HgCapital boosts renewable team

HgCapital, the European sector-focused private equity investor, has strengthened its renewable energy team along with a number of internal promotions.

Jean Perarnaud and Jens Thomassen have joined as associate directors, bringing the total number of investment professionals in HgCapital’s renewable energy team to five. In addition, Emma Tinker, one of the founding members of the team, has been promoted to director and Rob de Laszlo has been promoted from associate to associate director.

Perarnaud joins HgCapital from ING Bank in Amsterdam, where he was vice-president in the project finance team and worked on several transactions across Europe both in the renewable and conventional energy sectors. He previously worked at Calyon and holds an MSc Eng in Chemical Engineering from Ensic Nancy (France) and an MBA from INSEAD.

Thomassen joins from GE Energy Financial Services, bringing with him a decade of business development and investment experience in the energy industry. Prior to GE, he worked at BHP Billiton and Enron and during the last three years has worked on several equity and debt investments throughout Europe in the renewable energy, thermal energy and oil and gas sectors. He holds a Master of Science in Business Administration from the Norwegian School of Economics and University of St Gallen.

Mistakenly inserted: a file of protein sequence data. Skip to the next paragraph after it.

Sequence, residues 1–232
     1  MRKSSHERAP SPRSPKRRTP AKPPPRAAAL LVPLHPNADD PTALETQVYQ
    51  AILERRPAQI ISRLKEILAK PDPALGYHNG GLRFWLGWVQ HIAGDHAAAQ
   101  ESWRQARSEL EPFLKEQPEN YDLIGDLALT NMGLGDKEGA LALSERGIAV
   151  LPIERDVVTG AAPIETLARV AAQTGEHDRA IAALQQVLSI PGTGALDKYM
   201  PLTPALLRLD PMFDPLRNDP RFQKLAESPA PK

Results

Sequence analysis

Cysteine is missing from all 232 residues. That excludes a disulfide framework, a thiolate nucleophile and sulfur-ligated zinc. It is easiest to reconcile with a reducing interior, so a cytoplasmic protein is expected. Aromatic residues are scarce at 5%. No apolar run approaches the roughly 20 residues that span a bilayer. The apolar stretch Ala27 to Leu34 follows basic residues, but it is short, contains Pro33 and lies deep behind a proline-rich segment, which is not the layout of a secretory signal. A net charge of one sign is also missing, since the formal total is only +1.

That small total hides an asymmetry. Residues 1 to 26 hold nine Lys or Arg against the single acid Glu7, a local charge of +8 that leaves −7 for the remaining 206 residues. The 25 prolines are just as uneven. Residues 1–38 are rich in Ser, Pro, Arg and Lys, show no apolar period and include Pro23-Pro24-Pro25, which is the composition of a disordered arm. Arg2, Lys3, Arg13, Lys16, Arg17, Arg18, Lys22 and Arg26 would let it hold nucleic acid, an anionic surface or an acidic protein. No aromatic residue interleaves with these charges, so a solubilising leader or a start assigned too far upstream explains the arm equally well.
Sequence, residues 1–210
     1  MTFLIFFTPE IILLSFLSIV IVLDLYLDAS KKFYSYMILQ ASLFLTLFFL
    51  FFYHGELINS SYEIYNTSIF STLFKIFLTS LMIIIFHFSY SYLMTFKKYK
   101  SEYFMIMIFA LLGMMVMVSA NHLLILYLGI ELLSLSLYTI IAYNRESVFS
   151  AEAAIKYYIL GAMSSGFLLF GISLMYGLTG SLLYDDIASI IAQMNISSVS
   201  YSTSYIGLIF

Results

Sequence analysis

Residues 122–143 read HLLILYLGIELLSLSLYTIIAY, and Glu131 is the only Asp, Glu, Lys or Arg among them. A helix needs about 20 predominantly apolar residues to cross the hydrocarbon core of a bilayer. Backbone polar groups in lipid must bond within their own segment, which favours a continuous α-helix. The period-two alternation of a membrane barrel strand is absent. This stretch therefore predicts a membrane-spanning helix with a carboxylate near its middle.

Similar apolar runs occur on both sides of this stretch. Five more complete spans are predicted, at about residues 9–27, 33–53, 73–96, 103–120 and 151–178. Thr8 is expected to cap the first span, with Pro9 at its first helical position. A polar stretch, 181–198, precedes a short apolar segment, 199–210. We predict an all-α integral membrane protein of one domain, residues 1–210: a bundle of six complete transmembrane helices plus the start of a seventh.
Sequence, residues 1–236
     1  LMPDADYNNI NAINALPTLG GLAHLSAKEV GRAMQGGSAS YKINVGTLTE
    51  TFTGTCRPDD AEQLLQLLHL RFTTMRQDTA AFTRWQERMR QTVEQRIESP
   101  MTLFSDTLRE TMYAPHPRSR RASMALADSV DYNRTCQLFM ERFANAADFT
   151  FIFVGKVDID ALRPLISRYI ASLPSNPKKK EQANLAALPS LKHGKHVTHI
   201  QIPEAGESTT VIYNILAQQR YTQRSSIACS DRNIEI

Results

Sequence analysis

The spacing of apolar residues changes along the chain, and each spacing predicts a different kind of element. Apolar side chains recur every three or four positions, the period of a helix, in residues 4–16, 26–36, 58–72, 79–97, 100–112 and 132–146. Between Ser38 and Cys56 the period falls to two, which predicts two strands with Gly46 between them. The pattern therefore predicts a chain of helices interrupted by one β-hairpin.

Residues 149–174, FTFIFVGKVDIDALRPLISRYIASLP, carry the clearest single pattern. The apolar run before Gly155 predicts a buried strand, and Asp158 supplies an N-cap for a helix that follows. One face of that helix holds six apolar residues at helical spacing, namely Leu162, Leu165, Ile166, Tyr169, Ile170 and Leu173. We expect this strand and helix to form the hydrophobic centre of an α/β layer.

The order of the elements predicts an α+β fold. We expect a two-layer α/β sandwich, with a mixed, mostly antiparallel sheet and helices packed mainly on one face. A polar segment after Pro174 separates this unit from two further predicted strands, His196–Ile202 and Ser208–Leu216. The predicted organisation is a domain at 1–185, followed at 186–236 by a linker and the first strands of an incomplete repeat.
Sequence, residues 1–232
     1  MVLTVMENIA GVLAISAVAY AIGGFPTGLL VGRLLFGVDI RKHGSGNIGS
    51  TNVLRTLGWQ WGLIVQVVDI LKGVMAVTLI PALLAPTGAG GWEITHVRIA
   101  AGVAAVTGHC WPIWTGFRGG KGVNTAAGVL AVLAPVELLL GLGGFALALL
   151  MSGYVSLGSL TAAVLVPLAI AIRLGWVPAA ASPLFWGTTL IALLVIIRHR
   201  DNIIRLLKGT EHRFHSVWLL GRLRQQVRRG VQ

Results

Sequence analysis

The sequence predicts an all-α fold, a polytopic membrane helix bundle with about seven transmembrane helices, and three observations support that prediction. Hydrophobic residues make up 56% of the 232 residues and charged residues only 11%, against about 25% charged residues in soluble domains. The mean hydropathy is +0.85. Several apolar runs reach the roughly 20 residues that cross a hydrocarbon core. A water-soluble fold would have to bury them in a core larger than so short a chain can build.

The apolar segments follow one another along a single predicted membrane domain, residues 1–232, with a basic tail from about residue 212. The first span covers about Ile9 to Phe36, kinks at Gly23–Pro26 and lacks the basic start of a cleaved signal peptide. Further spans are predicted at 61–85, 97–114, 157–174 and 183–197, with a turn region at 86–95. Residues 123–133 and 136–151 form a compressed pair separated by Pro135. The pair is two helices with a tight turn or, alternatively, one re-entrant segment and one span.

HgCapital established a dedicated energy investment team and launched the €300m Hg Renewable Power Partners fund, Europe’s largest dedicated fund for renewable power projects, in 2004. The fund invests in a wide range of renewable power technologies across Western Europe, including wind power, biomass, landfill gas, waste, hydro, geothermal and solar. Investments range from development stage support to operational projects.

HgCapital’s most recent investment in RidgeWind brought its renewable energy portfolio to more than 120MW in construction or operation and 700MW in development. When fully invested, the HgCapital fund will support over €1.3bn in renewable power projects – and generate enough power to light more than 500,000 homes.